How to Crate Train Your Dog

We all live busy lives, and while some dogs may be OK with free roaming around your house, many dogs will get themselves into trouble when outside of your supervision. By crate training your dog, you are giving them a safe spot where they can go when you leave the house, but also whenever they feel they need to have a safe space.

The first step in crate training is making sure you go slow! If you try and leave your dog in a crate and leave, this may create a negative experience, and make crate training even more difficult. You want your dog to associate the crate with a positive experience, so that they feel safe inside, whether you are home or not. If you rush into crate training, it could lead to your dog breaking out of the kennel, damaging the kennel, or even hurting themselves (breaking their nails, breaking teeth chewing on the bars)!

The next step is choosing the right crate for your dog; there are multiple different types of crates (plastic/metal/fabric). The crate should be just large enough for your dog to stand up and turn around. If the crate is too large, your dog could use the excess space as their washroom. If you are getting a crate for your puppy, you can look into getting a crate the proper size for their adult size, and using a divider and slowly moving it to accommodate your puppy’s growth.

Once you have your crate, place it in an area of the house that your family spends a lot of time. Either take the door off completely or prop it open and allow your dog to approach at their own will. Some dogs are curious and may choose to explore quickly. Have a soft blanket inside the kennel, lead your dog up to it speaking in a happy tone, encourage them to go inside with treats a little more each time they go over to the crate.

Once your dog is comfortable going totally into the crate, start feeding their meals in the crate. At this point, you can begin to shut the crate door while they are eating. Start by opening the crate as soon as they are finished eating, and with each meal, slowly prolong when you open the crate.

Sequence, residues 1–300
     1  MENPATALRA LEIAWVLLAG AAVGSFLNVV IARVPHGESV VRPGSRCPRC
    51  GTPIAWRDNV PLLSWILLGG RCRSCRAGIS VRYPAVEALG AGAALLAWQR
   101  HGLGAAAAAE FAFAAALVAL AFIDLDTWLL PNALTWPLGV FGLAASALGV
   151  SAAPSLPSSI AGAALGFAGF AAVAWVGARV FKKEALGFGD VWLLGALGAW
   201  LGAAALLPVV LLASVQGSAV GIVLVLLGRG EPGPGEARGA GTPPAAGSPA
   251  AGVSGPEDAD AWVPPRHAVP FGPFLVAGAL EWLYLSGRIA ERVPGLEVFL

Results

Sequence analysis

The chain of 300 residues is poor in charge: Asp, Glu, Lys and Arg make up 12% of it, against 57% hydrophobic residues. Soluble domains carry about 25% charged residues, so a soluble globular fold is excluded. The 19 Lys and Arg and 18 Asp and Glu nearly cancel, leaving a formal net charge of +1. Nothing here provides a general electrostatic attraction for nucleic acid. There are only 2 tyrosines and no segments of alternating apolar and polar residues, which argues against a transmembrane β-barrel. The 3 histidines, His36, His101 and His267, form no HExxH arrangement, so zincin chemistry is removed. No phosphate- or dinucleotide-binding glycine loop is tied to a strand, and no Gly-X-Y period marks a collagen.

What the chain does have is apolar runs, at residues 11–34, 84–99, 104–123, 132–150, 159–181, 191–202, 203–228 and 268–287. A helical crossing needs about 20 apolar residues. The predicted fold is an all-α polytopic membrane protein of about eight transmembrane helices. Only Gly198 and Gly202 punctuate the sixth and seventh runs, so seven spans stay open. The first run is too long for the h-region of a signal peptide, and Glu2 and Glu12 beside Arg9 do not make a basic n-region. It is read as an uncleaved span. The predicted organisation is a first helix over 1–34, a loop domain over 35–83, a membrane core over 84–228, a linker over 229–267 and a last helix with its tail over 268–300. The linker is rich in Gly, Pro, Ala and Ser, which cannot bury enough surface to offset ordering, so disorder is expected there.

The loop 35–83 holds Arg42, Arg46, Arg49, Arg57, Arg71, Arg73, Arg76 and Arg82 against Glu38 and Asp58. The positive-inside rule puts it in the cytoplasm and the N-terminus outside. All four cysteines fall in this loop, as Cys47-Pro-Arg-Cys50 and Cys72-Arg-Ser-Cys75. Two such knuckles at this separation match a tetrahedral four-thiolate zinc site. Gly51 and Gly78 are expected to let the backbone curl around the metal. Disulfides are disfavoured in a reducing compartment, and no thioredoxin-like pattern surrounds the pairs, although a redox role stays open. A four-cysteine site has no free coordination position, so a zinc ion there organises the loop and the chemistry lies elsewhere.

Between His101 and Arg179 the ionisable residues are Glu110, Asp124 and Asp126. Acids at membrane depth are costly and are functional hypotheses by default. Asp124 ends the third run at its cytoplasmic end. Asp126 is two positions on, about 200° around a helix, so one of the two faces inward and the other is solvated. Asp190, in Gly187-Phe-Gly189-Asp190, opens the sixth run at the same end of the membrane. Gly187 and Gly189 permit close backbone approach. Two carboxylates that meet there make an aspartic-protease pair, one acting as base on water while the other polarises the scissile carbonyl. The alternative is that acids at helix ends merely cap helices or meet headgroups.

Once your dog is comfortably eating their meals in the crate, and not showing any signs of anxiety/fear with staying in the crate for small amounts of time after eating their meal, you can start teaching them to spend longer amounts of time in the crate. To do this, call your dog to the crate, and praise them when they go in (using treats of course!). Close the gate and sit with them for around 5-10 minutes. As long as your dog is tolerating being crated well, leave to another room for a couple of minutes, return to the crate, wait another couple minute’s then released your dog. Using this process, you can repeat it multiple times a day, increasing the length of time that you leave your dog in the crate slowly each time.

Once you know your dog can spend at least 30 minutes in the crate without showing any signs of anxiety, you can start leaving them in the kennel when you leave the house. The most important part of this step is making sure that you do not reward your dog’s excitement when you return. When you come back, stay calm and try to keep it as quiet as possible, to reduce the chance of them being anxious about when you will return.

Once you have your dog fully kennel trained, make sure to crate while you are home every so often to ensure that your dog doesn’t associate the crate with being left alone.

Crate training, while it can take a long time, doesn’t have to be a terrible experience for you or your dog!

The Humane Society of the United States

Written by: Emily Beach, RVT



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Last updated: June 21, 2021

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